When I was in high school, our student council held blood drives a couple times a year. The first time I remember hearing about a blood drive was during my sophomore year, on the border of 15 and 16, where only those who were “old for our grade” were able to donate, the legal age to donate blood being 16 (with parental consent). The first time I was eligible, I showed my history teacher my pass and headed to the gym which had been converted into a full-fledged blood bank – complete with the “canteen” of snacks for those who had just donated.
Since then, I’ve been a huge advocate for donating blood – and not just when your school or work hosts a drive. Last week, sitting in my chair at the New York City Blood Center, I realized there are a lot of misconceptions about giving blood and a lot of simple barriers to entry that a little bit of understanding could clarify. So, this week’s blog is purely informational, an ode to something of which I find myself extremely passionate.
1. Are you eligible?
When you get to the blood center, they will go over all these guidelines with you, but to save you time, let’s make sure your eligible before you make the appointment.
You must weigh 110 pounds and be 16 years old (with parental consent), 17 without.
If you are above 76, you need a written note of approval from your doctor.
There are also things that make you ineligible to donate. You cannot donate blood if you:
Got a tattoo in the last year
Traveled to an area with Malaria is present in the past year or lived in such an area in the past three years
Ever used intravenous illegal drugs or injectable drugs
Have spent five cumulative years or more in Europe from 1980 – present
Have lived in or visited the United Kingdom for three cumulative months between 1980 - 1996
Have engaged in prostitution since 1977
Ever tested positive for AIDS or tested positive for hepatitis B or hepatitis C or lived or had sex with anyone who has hepatitis B or C in the past year
Are a man who has had sex with another man in the past year (for more information about donating blood as a member of the LGBTQ+ Community, click here.
Only approximately 38% of the population is eligible to donate blood. If you are not eligible, there are still great ways to be involved, like advocacy for blood donations or hosting a blood drive in your community.
2. What happens when you get there?
First, find your local blood bank and schedule an appointment. The day before your donation, make sure to get a good night’s sleep, drink lots of fluids, and eat a healthy meal – preferably some iron rich foods such as spinach, quinoa, lentils, broccoli, eggs, or even dark chocolate. Make sure to bring identification day of, like a driver’s license or passport.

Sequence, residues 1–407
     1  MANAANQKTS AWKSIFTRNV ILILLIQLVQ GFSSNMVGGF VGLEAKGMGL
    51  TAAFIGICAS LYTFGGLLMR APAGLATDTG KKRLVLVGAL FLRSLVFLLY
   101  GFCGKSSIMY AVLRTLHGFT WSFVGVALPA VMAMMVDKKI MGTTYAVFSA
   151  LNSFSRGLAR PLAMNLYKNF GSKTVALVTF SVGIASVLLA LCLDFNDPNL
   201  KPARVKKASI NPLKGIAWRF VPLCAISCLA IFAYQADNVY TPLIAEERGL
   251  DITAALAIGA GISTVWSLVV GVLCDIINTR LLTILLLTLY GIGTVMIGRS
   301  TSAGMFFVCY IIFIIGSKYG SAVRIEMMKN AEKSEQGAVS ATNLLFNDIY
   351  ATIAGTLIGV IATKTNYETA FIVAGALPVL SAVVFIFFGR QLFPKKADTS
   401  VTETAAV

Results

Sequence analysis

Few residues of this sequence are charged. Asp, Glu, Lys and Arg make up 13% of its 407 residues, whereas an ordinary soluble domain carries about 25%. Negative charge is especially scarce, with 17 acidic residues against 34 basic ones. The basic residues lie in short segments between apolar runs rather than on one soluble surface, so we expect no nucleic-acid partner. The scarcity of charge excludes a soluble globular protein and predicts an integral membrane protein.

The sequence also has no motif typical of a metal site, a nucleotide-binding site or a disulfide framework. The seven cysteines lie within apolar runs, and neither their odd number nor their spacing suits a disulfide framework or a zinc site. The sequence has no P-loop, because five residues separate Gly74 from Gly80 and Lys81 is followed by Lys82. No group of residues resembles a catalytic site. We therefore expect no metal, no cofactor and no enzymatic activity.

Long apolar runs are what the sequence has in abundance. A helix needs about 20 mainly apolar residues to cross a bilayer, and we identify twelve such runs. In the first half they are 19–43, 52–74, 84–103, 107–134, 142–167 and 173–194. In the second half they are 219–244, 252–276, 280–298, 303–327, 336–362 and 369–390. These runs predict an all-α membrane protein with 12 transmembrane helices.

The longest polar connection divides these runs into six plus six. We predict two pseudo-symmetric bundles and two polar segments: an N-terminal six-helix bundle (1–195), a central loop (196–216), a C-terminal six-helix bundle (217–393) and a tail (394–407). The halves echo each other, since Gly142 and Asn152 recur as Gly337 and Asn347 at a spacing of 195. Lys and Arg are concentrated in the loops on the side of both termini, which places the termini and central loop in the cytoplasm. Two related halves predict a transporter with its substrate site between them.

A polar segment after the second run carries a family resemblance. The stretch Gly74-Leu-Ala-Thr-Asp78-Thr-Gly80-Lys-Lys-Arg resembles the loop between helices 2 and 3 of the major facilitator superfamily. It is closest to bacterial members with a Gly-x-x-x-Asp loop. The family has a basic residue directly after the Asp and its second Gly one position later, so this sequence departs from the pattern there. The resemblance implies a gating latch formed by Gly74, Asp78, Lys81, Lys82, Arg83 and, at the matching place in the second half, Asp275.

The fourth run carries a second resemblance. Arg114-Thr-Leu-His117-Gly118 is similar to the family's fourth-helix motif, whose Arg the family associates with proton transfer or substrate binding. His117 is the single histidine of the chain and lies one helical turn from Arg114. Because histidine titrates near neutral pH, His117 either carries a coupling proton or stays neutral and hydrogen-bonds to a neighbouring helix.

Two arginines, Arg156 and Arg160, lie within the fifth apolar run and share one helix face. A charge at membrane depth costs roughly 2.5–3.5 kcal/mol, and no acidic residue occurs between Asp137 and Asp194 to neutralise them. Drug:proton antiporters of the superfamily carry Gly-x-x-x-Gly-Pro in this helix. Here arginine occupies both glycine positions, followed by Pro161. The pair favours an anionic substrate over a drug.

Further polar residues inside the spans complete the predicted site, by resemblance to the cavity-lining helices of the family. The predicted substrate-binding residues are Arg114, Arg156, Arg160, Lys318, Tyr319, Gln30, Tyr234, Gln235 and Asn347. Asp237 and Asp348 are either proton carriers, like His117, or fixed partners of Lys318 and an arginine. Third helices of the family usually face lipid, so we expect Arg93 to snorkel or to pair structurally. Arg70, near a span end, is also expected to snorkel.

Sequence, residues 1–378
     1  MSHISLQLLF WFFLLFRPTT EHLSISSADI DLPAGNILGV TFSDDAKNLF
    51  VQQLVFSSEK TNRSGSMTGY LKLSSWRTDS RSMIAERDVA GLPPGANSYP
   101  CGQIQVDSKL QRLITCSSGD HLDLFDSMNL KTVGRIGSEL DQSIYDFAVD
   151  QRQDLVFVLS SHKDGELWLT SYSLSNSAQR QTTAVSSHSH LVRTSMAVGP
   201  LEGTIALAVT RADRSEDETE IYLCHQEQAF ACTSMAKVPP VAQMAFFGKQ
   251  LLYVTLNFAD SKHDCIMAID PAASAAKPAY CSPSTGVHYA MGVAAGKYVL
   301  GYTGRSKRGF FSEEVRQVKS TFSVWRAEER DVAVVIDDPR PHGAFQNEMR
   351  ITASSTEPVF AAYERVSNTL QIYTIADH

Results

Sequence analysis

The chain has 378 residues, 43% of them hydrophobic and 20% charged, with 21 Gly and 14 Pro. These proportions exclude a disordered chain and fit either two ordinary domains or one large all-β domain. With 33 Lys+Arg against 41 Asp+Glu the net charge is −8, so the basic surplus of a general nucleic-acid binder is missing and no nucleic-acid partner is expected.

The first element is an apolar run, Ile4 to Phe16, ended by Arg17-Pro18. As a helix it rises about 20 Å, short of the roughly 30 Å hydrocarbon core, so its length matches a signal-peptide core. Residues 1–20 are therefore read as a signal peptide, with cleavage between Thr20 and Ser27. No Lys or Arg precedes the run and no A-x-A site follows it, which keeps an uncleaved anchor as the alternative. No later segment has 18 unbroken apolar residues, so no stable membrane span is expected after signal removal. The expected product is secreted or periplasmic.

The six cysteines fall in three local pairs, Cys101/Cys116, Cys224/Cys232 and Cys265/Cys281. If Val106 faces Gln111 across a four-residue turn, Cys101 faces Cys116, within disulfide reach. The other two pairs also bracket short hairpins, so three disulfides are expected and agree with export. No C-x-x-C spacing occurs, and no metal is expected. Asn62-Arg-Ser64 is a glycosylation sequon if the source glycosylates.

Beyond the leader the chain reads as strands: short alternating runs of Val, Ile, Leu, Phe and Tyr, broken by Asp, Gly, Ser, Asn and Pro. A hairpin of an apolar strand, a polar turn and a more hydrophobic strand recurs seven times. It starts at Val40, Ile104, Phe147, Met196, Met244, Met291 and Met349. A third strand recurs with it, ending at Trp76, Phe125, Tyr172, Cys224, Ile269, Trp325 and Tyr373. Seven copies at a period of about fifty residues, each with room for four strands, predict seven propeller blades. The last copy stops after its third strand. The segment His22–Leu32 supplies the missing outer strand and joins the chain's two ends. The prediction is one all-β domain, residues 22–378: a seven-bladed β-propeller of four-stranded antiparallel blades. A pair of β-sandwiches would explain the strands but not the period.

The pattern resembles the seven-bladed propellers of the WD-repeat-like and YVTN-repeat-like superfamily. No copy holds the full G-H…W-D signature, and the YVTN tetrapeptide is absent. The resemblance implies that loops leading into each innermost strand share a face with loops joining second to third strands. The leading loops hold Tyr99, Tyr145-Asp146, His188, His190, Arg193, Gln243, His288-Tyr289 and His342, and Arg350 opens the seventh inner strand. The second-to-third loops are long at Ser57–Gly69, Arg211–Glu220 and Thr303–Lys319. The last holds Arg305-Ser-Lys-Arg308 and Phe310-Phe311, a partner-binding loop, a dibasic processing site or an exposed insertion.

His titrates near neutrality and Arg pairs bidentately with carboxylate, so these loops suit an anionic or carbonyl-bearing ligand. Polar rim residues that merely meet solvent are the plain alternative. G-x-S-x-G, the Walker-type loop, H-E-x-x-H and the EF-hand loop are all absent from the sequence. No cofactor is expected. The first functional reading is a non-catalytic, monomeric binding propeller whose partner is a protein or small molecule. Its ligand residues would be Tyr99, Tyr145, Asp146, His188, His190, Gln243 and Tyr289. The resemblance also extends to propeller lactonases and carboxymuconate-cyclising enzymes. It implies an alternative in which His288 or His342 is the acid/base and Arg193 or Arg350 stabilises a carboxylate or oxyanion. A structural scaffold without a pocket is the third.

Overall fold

When you arrive, you will likely fill out a quick questionnaire (outlining some of the eligibility questions above). Then, a staff member will take your pulse, blood pressure, and temperature. They also check your iron level – a simple prick on your finger. If any of those tests are of concern, they won’t let you donate.
If you’ve made it past the screening, you’ll find yourself on a lounge chair squeezing onto a stress ball of sorts while they put the blood pressure wrap around your arm and clean the injection spot. Then comes the needle.
For most, this is the scary thing about donating blood, but just like a little kid getting a shot, it will only pinch for a second. The rest of your time will be spent sitting in a chair, occasionally squeezing the stress ball, and waiting. When your donation is complete, they keep you comfortable again as they wrap, clean, and bandage everything.
Next comes what I still affectionally call “the canteen.” The canteen is the snack center. Usually filled with juice and snacks like pretzels, Oreos, and crackers, you sit in the canteen as long as you need. If you feel any bit of dizzy, medical professionals are there to help you.
That’s it. Then you’re all done and good to go. Until next time.
3. Why does it matter?
I love donating blood for a number of reasons. You don’t need to have a high school degree to donate blood. Don’t need to be bilingual. Don’t need to make a certain amount of money. Don’t even need to know your blood type (they’ll even tell you what your blood type is)! All you have to do is show up with a readiness to give back.
And it is so, so, important. Your one pint of blood can save as many as three lives. Your one pint that in a few hours you won’t even notice is missing can save three people’s lives. In the United States, someone needs blood every 2 seconds. 4.5 million Americans will need a blood transfusion this year. Sickle cell disease. Cancer. Car accidents. All these people (and so many more) will require a blood transfusion at some point in their life. And you can provide that.
Still, less than 10% of Americans donate blood annually. One of the most common reasons given for not donating is a lack of time, information, or understanding. If you have any further questions, contact your local Red Cross office. Ask your doctor. Heck, send The Smile Project an email and I’ll do the research for you.
Start to finish, it’s dedicating an hour of your day to save three lives. I don’t know anything else that pays that well.
One last thing. Blood donors can give every 56 days (8 weeks). Find a friend who is eligible. Go with them every 56 days. Skip the coffee date and instead catch up over apple juice and Lorna Doones. Donating blood is an easy and powerful way to give back. Find your person. Give today.